Printed newspapers.

After nine years, the Wisconsin Gazette has printed its last issue. 

Newspaper people write on deadline for the here and now.

I like to think of the staccato-like style of a news story as a beating drum. 

And I like to think Wisconsin Gazette — a newspaper that strived for accuracy and truth while pursuing a progressive agenda — provided a marching tempo for a movement.

You’re holding the last issue WiG will publish — there’s great sadness in acknowledging this development.

As you read the final issue, please take notice of the advertisers on these pages — they’ve supported us and by doing so they’ve supported our mission, our organizations, our causes and you, our readers.

Also, please take notice of the names listed in the masthead. These are the people who’ve made each issue happen, who’ve devoted their professional lives to building a progressive newspaper because they believe the press is vital to improving your lives and the lives of your brothers and sisters. Especially take note of two names on this masthead, because Wisconsin Gazette would not have existed without them — Leonard Sobczak and Louis Weisberg. They’ve risked more than anyone could imagine to pursue the Wisconsin Gazette ideal.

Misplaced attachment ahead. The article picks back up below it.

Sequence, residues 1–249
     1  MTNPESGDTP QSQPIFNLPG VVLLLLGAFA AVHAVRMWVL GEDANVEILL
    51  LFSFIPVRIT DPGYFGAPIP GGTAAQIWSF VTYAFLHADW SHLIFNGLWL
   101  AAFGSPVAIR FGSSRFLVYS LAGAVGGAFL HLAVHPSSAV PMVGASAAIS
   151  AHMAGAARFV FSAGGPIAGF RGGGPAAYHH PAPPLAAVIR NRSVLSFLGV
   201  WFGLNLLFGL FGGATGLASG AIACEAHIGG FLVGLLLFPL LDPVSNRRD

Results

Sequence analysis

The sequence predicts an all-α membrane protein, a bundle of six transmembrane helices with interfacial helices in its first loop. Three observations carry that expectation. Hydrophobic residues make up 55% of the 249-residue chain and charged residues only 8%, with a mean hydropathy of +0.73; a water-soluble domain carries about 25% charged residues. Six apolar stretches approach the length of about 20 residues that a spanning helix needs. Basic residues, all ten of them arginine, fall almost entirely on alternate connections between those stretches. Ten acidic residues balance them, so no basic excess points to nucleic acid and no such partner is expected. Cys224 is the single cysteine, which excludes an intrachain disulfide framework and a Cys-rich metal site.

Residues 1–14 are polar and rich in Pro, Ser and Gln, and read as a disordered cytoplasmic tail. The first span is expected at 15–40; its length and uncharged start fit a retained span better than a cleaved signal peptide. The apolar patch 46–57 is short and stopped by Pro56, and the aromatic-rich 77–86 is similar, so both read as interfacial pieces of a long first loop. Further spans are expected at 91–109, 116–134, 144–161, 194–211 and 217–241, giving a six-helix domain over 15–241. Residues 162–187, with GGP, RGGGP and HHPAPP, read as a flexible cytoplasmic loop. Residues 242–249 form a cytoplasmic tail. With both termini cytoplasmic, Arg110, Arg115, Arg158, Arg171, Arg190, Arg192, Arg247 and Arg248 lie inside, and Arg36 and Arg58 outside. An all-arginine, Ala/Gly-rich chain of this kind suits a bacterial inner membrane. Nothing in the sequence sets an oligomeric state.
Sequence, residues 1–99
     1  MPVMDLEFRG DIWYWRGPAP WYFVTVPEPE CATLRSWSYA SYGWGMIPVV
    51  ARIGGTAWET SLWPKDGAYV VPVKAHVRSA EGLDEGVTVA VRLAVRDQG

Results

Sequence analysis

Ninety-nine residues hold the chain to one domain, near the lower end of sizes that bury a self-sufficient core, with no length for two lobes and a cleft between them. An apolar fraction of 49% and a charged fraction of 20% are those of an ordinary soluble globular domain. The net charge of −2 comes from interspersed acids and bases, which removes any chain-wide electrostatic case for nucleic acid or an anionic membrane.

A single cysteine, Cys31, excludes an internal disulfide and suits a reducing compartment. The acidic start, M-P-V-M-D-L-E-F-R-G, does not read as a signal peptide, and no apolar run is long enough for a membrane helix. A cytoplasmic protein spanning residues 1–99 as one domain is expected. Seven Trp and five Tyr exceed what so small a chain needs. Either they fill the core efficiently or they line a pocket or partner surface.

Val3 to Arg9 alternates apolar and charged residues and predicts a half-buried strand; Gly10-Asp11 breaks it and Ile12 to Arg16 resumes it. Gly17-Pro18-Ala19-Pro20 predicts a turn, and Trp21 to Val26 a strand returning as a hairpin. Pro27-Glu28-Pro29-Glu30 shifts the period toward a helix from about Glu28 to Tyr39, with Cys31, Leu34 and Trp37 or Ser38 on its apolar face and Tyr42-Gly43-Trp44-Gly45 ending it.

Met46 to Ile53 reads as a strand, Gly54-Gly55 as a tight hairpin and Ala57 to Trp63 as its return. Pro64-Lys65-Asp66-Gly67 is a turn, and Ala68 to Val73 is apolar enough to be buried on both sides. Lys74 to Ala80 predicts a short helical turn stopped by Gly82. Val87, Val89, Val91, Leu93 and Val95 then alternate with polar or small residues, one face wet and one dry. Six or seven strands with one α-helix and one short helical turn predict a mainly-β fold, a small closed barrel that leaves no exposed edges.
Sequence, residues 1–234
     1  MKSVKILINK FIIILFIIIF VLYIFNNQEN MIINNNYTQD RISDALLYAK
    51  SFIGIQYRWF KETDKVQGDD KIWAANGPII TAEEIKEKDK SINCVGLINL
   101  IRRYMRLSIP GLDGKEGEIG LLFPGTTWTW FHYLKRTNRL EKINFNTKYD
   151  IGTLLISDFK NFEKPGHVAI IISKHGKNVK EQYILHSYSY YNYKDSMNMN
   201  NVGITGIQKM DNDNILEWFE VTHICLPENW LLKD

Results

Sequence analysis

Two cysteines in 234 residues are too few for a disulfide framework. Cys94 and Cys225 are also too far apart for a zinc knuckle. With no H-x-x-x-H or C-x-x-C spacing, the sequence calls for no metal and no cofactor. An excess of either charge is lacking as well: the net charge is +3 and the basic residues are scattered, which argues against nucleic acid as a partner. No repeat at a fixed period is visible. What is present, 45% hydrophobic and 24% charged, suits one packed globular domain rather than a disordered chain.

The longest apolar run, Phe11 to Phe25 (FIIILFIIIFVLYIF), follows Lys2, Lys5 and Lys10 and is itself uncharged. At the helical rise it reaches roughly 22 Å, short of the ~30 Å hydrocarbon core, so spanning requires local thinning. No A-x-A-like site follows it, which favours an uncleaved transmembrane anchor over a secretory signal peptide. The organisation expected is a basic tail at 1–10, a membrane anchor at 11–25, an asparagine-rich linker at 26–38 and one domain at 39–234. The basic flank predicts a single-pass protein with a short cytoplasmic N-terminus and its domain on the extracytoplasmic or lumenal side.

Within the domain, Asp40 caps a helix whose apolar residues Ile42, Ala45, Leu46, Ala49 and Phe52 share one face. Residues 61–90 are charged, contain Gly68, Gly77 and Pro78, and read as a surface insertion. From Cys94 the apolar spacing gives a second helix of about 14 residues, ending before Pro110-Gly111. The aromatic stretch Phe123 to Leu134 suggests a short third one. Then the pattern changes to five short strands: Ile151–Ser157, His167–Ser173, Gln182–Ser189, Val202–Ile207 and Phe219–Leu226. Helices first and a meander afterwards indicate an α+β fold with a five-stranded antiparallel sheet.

Some years ago, when I departed another newspaper where I worked with Louis, he wrote an editorial saying goodbye to me. He headlined the piece “Sweet Sorrow” and the words then, for me, are the words I think of now — for Louis and Leonard.

Everyone who read WiG benefited from their uncompromising journalistic ethics, their fairness and sense of accuracy and their commitment to an independent press. With tireless devotion, they set the bar high — and then cleared the bar many, many times.


managing editor

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